Center for Science in the Public Interest
In a critical victory, a federal court struck down a rule by the Trump administration’s U.S. Department of Agriculture that rolled back nutrition standards on whole grains and sodium in school meals on the ground that the USDA failed to provide public notice of its plan to gut the standards. The Center for Science in the Public Interest and Healthy School Food Maryland brought the case in federal court in Maryland, represented by Democracy Forward. Read the statement here.
CBC British Columbia
Vancouver Kingsway MP Don Davies, the federal NDP health critic, introduced the School Food Program for Children Act on February 4. The bill would require the minister of health to develop a national school food program for all Canadian children at little or no direct cost to children and their families. “The last time the federal government seriously discussed implementing a national school food program was during Second World War,” Davies said. “So I think it’s long past time that we started taking a look at this. Read more
A new healthy food program was rolled out at some P.E.I. schools on Monday February 3. The pilot project is the first step in the province’s promise to have a lunch program in place for students across the Island next fall. Organizers say there is a focus not just on healthy foods, but also reducing waste and sourcing food locally. The pilot programs will be offered on a pay-what-you-can model with a maximum price of $5 per day. Read more
Bite Back 2030, a campaign group led by teenagers, is calling for traffic light-style front of pack labelling to be made mandatory in the UK. The group said progress on improving child health was stalling. “We want honest, simple and helpful labelling like the traffic light system out there on everything. And if food companies won’t do it voluntarily, we want the government to step up and step in. The UK should be leading by example, not falling behind,” said Bite Back 2030’s youth chair 16-year-old Christina Adane. Read more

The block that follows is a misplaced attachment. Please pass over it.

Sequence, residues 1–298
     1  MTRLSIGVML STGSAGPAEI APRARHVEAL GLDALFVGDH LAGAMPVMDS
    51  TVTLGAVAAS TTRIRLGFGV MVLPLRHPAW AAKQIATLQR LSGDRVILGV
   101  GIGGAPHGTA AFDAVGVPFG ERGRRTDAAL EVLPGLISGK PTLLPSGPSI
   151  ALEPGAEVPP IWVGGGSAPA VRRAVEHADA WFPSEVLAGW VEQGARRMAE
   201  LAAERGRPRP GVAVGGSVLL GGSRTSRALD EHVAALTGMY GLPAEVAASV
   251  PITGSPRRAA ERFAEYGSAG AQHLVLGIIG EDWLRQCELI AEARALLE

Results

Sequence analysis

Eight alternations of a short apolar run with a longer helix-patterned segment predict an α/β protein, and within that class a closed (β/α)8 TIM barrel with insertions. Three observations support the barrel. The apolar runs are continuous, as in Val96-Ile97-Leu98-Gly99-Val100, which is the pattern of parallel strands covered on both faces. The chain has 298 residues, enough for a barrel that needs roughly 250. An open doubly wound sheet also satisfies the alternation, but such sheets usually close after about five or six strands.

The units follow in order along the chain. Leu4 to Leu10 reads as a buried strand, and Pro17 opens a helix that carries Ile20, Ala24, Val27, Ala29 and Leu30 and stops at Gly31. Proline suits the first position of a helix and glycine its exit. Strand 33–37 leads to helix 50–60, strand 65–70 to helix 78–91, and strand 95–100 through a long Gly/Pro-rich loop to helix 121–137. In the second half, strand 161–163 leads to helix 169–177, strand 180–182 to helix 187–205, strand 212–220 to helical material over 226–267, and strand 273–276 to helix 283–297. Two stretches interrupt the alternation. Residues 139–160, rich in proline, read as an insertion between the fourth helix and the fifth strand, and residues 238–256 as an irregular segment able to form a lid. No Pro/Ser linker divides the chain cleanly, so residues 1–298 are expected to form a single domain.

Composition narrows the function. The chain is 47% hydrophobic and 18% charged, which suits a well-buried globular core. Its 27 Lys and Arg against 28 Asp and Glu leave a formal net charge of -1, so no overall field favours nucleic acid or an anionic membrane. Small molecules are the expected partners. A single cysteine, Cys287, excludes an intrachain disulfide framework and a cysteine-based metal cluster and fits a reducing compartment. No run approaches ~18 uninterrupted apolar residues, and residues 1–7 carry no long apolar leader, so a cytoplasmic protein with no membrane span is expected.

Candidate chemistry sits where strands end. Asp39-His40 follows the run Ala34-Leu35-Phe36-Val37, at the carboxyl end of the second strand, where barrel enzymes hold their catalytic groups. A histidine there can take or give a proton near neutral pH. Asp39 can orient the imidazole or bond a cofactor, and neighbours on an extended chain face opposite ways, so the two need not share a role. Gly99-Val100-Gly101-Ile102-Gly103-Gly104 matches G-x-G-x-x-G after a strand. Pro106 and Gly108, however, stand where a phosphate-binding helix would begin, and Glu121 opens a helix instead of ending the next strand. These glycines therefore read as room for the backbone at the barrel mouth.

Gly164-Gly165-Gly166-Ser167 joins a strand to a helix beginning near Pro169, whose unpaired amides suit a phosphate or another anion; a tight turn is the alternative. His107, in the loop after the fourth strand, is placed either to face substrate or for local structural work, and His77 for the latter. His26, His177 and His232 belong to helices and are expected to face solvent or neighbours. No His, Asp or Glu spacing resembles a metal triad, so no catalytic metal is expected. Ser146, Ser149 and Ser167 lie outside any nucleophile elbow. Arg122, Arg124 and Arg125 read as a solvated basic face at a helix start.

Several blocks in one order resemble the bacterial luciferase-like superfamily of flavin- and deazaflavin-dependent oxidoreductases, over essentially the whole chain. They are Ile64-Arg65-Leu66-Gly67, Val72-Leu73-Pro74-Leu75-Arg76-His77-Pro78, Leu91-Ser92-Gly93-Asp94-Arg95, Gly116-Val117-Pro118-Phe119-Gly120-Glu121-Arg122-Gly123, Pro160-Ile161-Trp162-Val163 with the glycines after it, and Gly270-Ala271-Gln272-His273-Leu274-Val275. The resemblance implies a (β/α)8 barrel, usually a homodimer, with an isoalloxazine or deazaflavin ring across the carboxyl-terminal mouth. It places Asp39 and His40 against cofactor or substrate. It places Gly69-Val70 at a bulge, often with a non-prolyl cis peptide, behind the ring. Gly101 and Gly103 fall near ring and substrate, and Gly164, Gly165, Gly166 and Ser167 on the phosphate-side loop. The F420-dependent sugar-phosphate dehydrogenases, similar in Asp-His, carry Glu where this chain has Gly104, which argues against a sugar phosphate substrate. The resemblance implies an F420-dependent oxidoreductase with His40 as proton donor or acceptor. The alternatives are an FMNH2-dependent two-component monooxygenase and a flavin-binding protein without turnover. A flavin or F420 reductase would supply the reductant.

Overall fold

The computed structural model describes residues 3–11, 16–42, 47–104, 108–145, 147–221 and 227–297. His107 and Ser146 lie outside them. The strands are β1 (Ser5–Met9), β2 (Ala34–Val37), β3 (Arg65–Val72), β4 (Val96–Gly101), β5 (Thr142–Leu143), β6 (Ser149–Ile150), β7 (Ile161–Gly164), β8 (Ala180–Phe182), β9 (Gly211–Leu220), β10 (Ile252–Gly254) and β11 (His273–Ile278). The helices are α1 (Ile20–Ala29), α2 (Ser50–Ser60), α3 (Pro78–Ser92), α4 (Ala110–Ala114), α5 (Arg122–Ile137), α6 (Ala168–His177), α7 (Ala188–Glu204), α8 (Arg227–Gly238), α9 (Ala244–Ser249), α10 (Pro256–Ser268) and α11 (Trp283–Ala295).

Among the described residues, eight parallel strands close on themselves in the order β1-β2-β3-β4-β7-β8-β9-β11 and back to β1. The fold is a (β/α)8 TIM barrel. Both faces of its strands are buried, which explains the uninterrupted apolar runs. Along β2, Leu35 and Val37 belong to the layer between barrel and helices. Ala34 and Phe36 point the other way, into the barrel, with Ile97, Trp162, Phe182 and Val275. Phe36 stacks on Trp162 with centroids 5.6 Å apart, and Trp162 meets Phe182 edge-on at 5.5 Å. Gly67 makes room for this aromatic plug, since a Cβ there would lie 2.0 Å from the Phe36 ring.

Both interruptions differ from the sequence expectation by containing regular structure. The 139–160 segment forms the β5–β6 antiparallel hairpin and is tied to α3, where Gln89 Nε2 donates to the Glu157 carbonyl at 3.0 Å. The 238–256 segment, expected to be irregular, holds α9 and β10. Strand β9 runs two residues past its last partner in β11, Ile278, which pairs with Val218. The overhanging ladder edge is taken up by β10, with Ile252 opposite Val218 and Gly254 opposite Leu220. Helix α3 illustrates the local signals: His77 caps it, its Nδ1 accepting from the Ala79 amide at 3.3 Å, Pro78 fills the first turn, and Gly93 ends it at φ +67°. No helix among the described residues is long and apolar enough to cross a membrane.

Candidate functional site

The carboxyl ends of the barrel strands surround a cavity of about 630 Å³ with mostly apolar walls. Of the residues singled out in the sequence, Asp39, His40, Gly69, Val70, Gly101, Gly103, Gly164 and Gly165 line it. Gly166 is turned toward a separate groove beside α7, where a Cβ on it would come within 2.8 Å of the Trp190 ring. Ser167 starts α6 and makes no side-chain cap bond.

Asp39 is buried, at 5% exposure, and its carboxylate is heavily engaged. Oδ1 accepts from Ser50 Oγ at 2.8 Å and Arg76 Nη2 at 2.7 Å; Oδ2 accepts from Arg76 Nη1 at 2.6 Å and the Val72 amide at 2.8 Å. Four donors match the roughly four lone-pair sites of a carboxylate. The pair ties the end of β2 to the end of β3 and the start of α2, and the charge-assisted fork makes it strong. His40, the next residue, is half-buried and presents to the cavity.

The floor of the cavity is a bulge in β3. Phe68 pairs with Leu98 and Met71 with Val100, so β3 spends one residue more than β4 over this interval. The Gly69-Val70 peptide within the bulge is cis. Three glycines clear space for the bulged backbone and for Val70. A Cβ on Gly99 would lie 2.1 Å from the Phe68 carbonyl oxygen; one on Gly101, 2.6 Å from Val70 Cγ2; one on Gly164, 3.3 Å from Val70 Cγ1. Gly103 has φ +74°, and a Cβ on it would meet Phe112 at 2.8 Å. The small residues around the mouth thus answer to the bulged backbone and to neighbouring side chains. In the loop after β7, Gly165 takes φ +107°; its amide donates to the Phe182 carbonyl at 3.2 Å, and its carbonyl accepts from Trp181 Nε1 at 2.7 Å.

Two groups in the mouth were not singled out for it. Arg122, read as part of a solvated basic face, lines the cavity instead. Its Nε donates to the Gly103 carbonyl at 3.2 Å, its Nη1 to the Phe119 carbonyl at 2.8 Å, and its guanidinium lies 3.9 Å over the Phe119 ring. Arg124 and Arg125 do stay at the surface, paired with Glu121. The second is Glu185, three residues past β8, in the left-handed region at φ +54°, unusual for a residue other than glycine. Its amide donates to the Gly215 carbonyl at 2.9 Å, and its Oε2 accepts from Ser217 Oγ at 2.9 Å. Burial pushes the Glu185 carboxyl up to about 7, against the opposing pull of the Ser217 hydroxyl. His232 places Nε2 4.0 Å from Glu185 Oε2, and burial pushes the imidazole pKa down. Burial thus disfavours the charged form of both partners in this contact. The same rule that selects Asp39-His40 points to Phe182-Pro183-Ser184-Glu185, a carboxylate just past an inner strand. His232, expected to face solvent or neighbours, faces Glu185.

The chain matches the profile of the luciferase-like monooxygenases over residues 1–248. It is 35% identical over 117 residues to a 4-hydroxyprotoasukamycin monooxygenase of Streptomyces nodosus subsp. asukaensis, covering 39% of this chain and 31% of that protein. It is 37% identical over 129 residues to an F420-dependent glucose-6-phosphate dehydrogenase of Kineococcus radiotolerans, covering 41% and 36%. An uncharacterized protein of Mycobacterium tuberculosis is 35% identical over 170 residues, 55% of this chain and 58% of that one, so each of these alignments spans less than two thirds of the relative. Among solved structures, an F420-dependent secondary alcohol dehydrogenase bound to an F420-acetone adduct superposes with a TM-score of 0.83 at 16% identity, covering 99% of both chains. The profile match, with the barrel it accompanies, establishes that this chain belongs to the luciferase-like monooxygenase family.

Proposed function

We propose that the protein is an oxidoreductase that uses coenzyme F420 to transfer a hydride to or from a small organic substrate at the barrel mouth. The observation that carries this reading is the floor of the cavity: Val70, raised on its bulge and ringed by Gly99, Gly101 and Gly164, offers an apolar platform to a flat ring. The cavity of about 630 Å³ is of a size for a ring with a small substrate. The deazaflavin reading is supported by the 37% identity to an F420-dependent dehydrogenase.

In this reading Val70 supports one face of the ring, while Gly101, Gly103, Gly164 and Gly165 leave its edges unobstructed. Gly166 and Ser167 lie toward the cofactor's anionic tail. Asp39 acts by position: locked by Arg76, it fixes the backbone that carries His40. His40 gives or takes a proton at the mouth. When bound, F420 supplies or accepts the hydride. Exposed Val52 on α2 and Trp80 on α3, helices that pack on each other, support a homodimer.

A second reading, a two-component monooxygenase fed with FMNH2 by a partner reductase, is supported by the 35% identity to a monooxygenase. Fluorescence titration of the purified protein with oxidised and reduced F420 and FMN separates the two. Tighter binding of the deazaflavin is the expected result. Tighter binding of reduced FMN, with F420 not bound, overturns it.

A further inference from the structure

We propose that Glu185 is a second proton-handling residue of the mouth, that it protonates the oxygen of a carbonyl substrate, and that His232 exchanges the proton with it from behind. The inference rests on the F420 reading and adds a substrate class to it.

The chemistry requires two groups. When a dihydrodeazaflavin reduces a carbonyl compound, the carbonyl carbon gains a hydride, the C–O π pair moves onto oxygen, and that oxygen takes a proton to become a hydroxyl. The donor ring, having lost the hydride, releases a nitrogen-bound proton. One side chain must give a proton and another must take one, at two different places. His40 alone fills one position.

Postdoctoral fellow Fei Men and Prof. Valerie Tarasuk at the University of Toronto’s Department of Nutritional Sciences and colleagues used data from the Canadian Community Health Survey to compare longevity in people with food security to those who are marginally, moderately or severely food insecure. The focus of the study is food insecurity but at root, it’s about the health problems and mortality associated with poor nutrition. Read the article here
A new study by investigators from Brigham and Women’s Hospital, in collaboration with investigators at the Friedman School of Nutrition Science and Policy at Tufts University, analyzed the impact of 10 dietary factors and estimated the annual cardiometabolic disease costs of suboptimal diet habits. The team concludes that suboptimal diet costs approximately $300 per person, or $50 billion nationally, accounting for 18 percent of all heart disease, stroke and type 2 diabetes costs in the US.
You can read the study here
Low- and middle-income countries risk seeing their development progress slashed by the double-edged sword of obesity and undernutrition, both caused by a lack of access to affordable healthy food, a report in The Lancet warned. This “double burden of malnutrition”, affects more than a third of some 130 countries classed as low-and middle-income, and it is increasingly seen in the same household — most commonly an overweight mother and a child stunted by undernutrition living under the same roof.
You can read the report here
With Parliament set to open Dec. 5, a group of advocates is hoping the federal government will support a national school food program based on the new Canada Food Guide. Canada is the only G7 nation without such a program.There was some political interest from federal parties throughout the last election, the Liberals had a national food program in their spring budget before the election, and the Green and New Democratic parties also had it in their platforms. Read the article here.